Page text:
My father tells the story of how at the tender age of 11, he left his widowed mother in a small village in East Africa to go into town in search of a job.

He had never gone to school, had no money, and to many he was just another destitute child with no future. At the time, all my father knew was that he had to find some money to buy his mother food.

My father, a strong ambitious African man with the most amazing laugh you will ever hear, looks at nothing in particular when he tells this story and adds, “I had no idea what was going to happen. I had no plan – I didn’t even know if anyone would give me a job but I knew that it was the right thing to do. I knew that I did not belong at home in the village.”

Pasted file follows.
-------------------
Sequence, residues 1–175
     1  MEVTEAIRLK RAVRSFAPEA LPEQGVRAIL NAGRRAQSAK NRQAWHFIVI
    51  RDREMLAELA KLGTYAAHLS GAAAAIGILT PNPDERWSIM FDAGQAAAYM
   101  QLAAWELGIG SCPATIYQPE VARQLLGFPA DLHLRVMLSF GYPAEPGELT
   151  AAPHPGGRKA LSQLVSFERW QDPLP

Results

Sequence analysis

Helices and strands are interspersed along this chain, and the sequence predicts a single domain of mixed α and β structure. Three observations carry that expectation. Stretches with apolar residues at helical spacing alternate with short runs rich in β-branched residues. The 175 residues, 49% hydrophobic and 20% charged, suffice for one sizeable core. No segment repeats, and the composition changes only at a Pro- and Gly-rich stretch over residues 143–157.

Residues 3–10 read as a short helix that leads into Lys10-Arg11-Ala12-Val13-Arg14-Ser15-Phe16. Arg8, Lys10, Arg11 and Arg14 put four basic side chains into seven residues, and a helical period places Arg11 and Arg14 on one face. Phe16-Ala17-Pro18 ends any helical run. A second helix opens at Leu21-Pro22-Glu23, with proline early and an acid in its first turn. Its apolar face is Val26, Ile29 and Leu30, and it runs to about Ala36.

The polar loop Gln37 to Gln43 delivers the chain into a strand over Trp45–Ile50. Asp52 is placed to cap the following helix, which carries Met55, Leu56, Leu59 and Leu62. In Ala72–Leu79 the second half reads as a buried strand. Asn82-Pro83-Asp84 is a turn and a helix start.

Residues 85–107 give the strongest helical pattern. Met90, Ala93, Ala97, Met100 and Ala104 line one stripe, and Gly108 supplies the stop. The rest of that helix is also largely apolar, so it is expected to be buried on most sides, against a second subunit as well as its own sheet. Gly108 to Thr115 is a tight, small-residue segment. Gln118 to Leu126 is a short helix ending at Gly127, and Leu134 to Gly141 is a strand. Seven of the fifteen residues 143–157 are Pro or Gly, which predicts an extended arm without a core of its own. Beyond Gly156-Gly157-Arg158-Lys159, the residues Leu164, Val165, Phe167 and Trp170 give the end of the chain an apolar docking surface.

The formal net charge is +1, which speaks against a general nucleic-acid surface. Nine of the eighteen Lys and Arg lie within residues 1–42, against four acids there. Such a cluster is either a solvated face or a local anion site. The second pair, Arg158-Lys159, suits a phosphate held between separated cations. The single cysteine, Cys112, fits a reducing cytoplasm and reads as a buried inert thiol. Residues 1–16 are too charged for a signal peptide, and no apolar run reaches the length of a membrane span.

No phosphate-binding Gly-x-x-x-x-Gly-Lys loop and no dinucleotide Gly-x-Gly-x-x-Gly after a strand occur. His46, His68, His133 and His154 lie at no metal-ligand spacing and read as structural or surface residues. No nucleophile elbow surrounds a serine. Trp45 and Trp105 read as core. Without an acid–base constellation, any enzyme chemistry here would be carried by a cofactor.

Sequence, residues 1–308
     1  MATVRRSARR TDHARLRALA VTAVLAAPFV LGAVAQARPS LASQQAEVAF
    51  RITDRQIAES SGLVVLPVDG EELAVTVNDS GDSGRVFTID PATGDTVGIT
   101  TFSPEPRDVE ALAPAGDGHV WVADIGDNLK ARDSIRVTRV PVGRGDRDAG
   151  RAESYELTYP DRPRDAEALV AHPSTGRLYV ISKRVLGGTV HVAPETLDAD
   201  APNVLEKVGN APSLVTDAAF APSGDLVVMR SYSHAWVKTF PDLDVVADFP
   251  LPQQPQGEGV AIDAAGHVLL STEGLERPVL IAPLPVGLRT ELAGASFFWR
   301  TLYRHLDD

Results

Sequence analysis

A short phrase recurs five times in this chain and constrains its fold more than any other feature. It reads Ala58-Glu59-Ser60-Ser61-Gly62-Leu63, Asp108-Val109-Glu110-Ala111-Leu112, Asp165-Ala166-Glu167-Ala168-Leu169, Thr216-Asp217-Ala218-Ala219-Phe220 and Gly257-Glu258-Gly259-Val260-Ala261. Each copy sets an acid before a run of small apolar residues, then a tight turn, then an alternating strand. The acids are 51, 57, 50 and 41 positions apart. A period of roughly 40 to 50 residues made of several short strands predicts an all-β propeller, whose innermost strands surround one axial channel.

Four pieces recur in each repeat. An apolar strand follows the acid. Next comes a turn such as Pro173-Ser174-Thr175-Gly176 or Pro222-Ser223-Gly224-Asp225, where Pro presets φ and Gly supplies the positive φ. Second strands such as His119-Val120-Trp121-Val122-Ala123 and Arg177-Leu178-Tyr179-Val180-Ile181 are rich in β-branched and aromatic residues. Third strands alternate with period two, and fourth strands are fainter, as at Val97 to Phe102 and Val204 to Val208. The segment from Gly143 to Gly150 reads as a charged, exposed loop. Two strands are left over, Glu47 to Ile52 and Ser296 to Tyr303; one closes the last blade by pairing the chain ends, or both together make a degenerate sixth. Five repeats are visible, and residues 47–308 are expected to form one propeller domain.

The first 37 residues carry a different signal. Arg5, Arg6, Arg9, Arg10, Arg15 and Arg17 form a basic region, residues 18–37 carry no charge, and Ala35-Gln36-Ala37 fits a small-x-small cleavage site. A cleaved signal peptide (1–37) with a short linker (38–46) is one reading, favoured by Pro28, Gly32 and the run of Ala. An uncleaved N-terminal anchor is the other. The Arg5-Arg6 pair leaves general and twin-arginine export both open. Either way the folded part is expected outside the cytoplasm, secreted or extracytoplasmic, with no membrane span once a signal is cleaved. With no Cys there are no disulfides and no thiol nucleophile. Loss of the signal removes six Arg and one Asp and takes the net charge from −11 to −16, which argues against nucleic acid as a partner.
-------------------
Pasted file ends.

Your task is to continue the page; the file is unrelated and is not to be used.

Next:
Last Friday, I quit my job because I didn’t belong there.

Joan Erakit, Okay Africa, KOLUMN Magazine, KOLUMNPhoto | Dan Worku

Joan Erakit, Okay Africa, KOLUMN Magazine, KOLUMN

Joan Erakit, Okay Africa, KOLUMN Magazine, KOLUMN


Joan Erakit is a Kenyan-Ugandan born writer based in New York City. Her work has been published by Cool Hunting, The Huffington Post, The World Post, and Marie Claire among others. She is currently shopping her first book, Meet Me In The Village, a collection of non-fiction short stories about reproductive health and family planning. You can find her on Twitter, Instagram or her website: joanerakit.com (Joan Erakit).


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KOLUMN Magazine celebrates the lives of People of Color by giving our world texture.